Self-Care for a Support Worker
Being a support worker can be a wonderfully rewarding career. However, like other positions that are involved in supporting and caring for vulnerable families, it can be incredibly emotionally draining, too.
It takes a special kind of person to be a support worker, for sure – but even if you are that special type, you still may find yourself feeling drained and emotionally battered after dealing with particularly tough cases.
Self-care is incredibly important for anybody working in such an environment. Following are a list of ideas that you might want to employ to help you cope with the emotional stresses and strains of being a support worker.
Put on your cape
It may sound silly to some, but visualisation techniques can be very useful for helping us to deal with difficult situations, especially emotionally charged ones. You might wish to try the cape visualisation when going to, and leaving, work.
As you approach your workplace, close your eyes and take a few deep breaths in order to centre yourself. Imagine yourself putting on a thick, bright white cape – this will be your emotional protection throughout the day. Then, when you leave, centre yourself again and imagine taking the cape off. It sounds very simplistic but it’s a very effective way to help you leave your work at the workplace.
If you’re finding it very hard to deal with the emotions that a particular case is stirring up in you, make sure you talk to somebody about it. Keeping strong feelings such as these inside is not healthy. If you are struggling a lot with a particular case, try to talk to one of your superiors about perhaps getting some support yourself. You may find that a past trauma of your own has been triggered by a negative situation in the family you’re supporting. Seeking help before it gets on top of you is far more desirable than waiting for it to swallow you up.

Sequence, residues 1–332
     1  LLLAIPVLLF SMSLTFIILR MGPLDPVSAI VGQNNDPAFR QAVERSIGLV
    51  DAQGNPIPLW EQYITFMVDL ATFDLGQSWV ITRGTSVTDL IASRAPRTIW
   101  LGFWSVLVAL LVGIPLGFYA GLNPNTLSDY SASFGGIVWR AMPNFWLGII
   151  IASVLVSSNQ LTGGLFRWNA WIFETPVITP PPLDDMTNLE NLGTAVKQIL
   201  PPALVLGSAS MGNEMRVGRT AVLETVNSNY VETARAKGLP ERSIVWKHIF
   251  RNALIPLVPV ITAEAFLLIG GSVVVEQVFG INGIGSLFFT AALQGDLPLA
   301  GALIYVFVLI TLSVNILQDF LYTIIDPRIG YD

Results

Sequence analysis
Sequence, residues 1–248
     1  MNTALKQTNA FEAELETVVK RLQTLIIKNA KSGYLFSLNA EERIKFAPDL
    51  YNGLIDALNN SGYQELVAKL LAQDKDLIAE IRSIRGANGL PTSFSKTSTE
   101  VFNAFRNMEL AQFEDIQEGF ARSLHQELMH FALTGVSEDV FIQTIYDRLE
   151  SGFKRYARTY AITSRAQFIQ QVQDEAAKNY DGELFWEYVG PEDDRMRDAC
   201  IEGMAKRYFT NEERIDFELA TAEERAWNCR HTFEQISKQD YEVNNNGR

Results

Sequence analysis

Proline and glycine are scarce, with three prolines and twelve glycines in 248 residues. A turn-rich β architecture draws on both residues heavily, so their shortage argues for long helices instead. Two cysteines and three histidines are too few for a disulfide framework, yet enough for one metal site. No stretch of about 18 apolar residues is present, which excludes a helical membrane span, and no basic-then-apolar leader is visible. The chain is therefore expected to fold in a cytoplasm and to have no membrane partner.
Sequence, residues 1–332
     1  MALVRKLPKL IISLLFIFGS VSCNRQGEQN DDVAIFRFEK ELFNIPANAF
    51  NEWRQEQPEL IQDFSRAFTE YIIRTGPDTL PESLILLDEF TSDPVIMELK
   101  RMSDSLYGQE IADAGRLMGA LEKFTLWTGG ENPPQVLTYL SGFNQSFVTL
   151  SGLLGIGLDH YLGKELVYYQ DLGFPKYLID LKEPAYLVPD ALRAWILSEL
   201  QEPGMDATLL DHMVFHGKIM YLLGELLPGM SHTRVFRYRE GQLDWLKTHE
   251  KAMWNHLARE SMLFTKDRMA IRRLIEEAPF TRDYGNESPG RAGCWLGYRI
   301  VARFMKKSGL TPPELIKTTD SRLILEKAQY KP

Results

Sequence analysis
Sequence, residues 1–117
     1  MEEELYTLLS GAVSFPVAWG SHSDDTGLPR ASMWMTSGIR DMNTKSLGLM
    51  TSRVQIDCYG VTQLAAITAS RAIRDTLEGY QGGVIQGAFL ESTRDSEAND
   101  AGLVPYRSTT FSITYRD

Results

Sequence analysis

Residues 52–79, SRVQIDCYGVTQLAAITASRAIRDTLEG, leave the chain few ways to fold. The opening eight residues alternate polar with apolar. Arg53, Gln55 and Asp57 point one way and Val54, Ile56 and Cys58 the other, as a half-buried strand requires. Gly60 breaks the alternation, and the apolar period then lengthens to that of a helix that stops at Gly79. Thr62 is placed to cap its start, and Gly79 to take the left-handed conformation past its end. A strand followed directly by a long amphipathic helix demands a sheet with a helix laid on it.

Take time out for you
We all have busy lives, but we all deserve to take time out to care for ourselves. Those of us who work in emotionally charged careers such as that of a support worker may find themselves emotionally exhausted as well as physically after a long, hard week. Be sure to set aside at least a couple of hours at the weekend to do something that makes you really happy – making art, meeting friends for coffee, or just lounging in the bath with a glass of something delicious are all great ways to unwind. Be sure to surround yourself with positive energy when you are outside of work – swear off the 10 o’clock news if needs be!
Remember the successes
The majority of cases that a support worker will deal with will have what could be called a “happy ending”, and the rewarding nature of the job is usually enough to help support workers cope with the more negative times. However, if youre dealing with a particularly tough situation, it may be useful to remind yourself of all the good you have done so far, and the good you are doing right now – even if the fruits of your labour are not immediate. Knowing that you are making a positive difference to a family is a very good feeling indeed.